2

I’m a PERSON, not just test results

Yesterday I was reduced to numbers:

  1. TSH – 1.65 (within range)
  2. Free T3 – 2.09 (within range)
  3. Free T4 – 1.01 (within range)
  4. TG Antibodies – >800 (way out of range)
  5. TPO Antibodies – 45.5 (way out of range)
  6. A1c – 11.4 (so far out of range the doctor is panicking)

The first 5 numbers relate to my thyroid. This is yet another set of lab results that confirm the diagnosis of autoimmune thyroiditis (a.k.a. Hashimoto’s) (that’s the antibodies – shows they’re there to attack the thyroid). However, the rest of my thyroid numbers are within the “normal” range. So yet again, the endocrinologist won’t put me on a thyroid medication. This isn’t the first time I’ve heard it from him and also not the first time I’ve heard it from an endocrinologist. They’ve all said it.

I know what you’re thinking. If they’ve ALL said it, they must be right, right? Au contraire, mon ami! I told the doctor yesterday that I’d done research and found studies that confirm that treating Hashimoto’s patients with thyroid medication can slow the progression of the disease and alleviate symptoms, even if the rest of the labs are in the normal range. When I mentioned that though, he said there were no such studies.

He was more concerned about my A1c, which is a number that reflects my blood sugar over the past 2-3 months. I knew that number would be high. I stopped taking the diabetes medications because they were causing diarrhea that was preventing me from getting an uninterrupted night of sleep (which is crucial for my overall health, I’ve learned).

My complaints to him are that I’m constantly fatigued, that I have trouble focusing and concentrating (brain fog), and that my menstrual cycles are all messed up. All of those are symptoms of thyroid problems.

He chooses to focus only on the fatigue – which can be caused by poorly/uncontrolled diabetes. I have repeatedly told him that even when my diabetes was controlled, I suffered from fatigue. Also, uncontrolled diabetes doesn’t explain irregular menstrual cycles. I’d already had an appointment with a doctor to examine my lady garden, and there’s nothing there that would cause problems with my cycles. In the past I’ve had hormone testing done and it was always normal. So gee, what might it be?

He said that there are 7 causes of chronic fatigue – diabetes, thyroid, PSYCHIATRIC, adrenal issues, and some others I can’t remember. I’ve had adrenal testing done by the second endocrinologist I saw, who also decided my thyroid was not an issue. What this doctor seems to be missing is that depression is a symptom of Hashimoto’s. I’ve never heard it as a symptom of diabetes though. Wonder why that is.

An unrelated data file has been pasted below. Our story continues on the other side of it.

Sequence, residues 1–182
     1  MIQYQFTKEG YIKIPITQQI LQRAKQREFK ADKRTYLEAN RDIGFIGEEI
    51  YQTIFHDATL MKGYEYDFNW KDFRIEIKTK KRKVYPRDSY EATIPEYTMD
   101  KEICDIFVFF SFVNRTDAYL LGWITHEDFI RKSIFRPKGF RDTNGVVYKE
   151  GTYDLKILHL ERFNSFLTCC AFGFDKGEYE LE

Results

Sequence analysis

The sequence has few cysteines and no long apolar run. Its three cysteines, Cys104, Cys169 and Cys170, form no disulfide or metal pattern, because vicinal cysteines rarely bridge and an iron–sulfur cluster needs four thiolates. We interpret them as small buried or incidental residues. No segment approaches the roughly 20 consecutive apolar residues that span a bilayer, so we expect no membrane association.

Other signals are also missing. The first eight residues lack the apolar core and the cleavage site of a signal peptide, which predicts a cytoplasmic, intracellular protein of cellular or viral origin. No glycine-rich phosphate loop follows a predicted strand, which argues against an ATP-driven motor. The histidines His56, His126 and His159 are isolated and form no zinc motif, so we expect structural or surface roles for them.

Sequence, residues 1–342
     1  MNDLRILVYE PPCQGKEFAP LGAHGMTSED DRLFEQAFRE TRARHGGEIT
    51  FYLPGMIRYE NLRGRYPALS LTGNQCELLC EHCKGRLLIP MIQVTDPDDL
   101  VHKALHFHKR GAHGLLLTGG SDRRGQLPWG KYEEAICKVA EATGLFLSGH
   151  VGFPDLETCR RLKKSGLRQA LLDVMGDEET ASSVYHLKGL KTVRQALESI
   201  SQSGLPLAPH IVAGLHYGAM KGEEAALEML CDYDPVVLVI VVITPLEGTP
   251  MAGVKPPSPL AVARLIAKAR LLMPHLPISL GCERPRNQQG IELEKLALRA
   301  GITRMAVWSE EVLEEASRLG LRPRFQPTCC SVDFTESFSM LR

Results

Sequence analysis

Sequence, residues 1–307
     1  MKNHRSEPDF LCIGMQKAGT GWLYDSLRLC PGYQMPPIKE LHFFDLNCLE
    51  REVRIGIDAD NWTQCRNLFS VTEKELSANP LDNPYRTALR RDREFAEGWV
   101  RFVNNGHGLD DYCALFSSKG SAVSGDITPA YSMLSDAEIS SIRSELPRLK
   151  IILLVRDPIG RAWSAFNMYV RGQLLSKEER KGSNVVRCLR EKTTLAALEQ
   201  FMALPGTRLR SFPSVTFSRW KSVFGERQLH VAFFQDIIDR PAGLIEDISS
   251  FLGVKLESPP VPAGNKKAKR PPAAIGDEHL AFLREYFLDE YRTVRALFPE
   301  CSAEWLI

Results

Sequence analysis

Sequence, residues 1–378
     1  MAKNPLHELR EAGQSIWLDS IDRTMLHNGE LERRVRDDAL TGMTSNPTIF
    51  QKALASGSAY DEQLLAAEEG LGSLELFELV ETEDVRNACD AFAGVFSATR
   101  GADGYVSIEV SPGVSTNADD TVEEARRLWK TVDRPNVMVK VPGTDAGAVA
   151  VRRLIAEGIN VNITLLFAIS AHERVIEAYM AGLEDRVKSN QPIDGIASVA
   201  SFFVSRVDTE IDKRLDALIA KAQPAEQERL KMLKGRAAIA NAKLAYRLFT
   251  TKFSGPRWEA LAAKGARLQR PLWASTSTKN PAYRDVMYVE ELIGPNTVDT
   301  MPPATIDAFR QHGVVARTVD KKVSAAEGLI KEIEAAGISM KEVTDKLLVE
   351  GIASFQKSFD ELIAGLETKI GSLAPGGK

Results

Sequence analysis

I am tired of going to the doctor and not being listened to. Having my symptoms ignored. Having the doctor completely discount my telling of my history. It’s bullshit. I know that I don’t have a medical degree. However, I am an intelligent human being capable of doing research. If what I’ve found isn’t legitimate, the doctor should tell me that she or he has seen the study I’m referring to and explain WHY it’s not legitimate. That’s the professional thing to do.

What also floors me is that they don’t ask about any of my other medical history. I find it a bit ridiculous that the chronic pain and inflammation from my back and leg/foot don’t have an effect on the rest of my body. Given that we know that chronic pain changes brain wiring, it seems likely that it affects a lot of other things as well. Of course, this doctor is clearly uninterested since he actually tried to do a reflex test on my bad Achilles tendon. I’m not sure why the inflammation and scarring on it didn’t put him off, but whatever. Thanks, dude.

What happened to practicing holistic medicine? I totally understand the need for specialization, but it seems like it’s better placed in research, rather than clinical practice. There needs to be some kind of feedback loop on this – someone researches, using data provided by clinicians, and then the two work together to figure out what’s best for patients.

There are doctors who treat patients and their symptoms, rather than just the lab results. When it comes to patients with Hashimoto’s, the numbers don’t often tell the whole story. This is why there are boards, websites, and books dedicated to people like me, who leave their doctors feeling like they’ve lost their minds. We go from doctor to doctor, until we find someone who will listens to us and our symptoms, rather than relying solely on labs for answers.

I know I didn’t help myself by going off my diabetes meds, but when you’ve hit the point I have, it feels better to do it that way. The meds were causing massive stomach upset and ruining my sleep. Past experience taught me I wasn’t going to feel good even staying on them, so why feel worse?

Perhaps I should have gone to medical school instead of law school.

 

1

I Give Up

No Cast

Went back to the hospital this morning – no dice. They told me that I need to go back to the doctor and try to get an admission some other date. They also recommended trying surgery at a different hospital in another city. The main hospital apparently gets quite filled up with emergencies.

I won’t lie, I don’t get how all of that works. It makes no sense to my brain. But, nothing I can do about it.

I know from my first meeting with the doctor that he has one more surgery date this month – June 16th. However, I have no idea whether I’ll be able to get an appointment with him before that date. I also know that he won’t be operating during Ramadan – so nothing from about June 17th through July 18th.

We’re supposed to be heading out to Brazil about July 18th. A surgery date of June 16th would make that leave date impossible. A surgery date after Ramadan makes the trip to Brazil impossible. Mr. Lyndsy hasn’t been home in years and I know he’s really looking forward to it.

Everything about foot drop has been impossible to deal with. From the physical therapist making things worse, to holding off when the neurosurgeon said to wait, to the first doctor I saw here this year. At this point I just wonder if I’m just supposed to leave it as is and not try to have the surgery.

Then I think about how hard it would be to live without trying surgery. Driving hurts. Walking hurts. Surgery *might* make those better. Or it may not work at all.

All of this depresses me. A lot.